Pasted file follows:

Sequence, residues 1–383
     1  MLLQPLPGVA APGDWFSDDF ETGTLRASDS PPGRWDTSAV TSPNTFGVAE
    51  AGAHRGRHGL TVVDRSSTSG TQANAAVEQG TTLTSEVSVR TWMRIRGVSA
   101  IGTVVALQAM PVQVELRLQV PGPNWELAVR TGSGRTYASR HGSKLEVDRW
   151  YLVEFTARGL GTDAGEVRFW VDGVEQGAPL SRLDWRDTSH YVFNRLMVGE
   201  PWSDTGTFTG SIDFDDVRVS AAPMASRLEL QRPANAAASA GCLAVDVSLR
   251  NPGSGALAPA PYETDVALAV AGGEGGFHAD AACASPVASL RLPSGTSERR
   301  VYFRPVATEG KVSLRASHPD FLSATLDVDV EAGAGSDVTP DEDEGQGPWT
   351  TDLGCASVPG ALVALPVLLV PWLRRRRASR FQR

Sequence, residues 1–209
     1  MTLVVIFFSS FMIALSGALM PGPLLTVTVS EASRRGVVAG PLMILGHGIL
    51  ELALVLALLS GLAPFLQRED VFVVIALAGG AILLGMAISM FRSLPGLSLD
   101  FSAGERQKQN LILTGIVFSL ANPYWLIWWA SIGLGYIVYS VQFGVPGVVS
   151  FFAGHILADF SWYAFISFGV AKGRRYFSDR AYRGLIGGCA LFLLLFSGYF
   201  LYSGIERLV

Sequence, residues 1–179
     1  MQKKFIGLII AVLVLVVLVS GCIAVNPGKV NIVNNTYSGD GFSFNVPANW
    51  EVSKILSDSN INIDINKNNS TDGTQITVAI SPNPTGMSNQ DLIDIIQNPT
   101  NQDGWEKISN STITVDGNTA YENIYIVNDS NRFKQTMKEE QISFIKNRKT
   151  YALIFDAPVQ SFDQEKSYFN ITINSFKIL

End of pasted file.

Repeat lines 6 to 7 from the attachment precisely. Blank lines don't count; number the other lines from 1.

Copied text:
   201  PWSDTGTFTG SIDFDDVRVS AAPMASRLEL QRPANAAASA GCLAVDVSLR
   251  NPGSGALAPA PYETDVALAV AGGEGGFHAD AACASPVASL RLPSGTSERR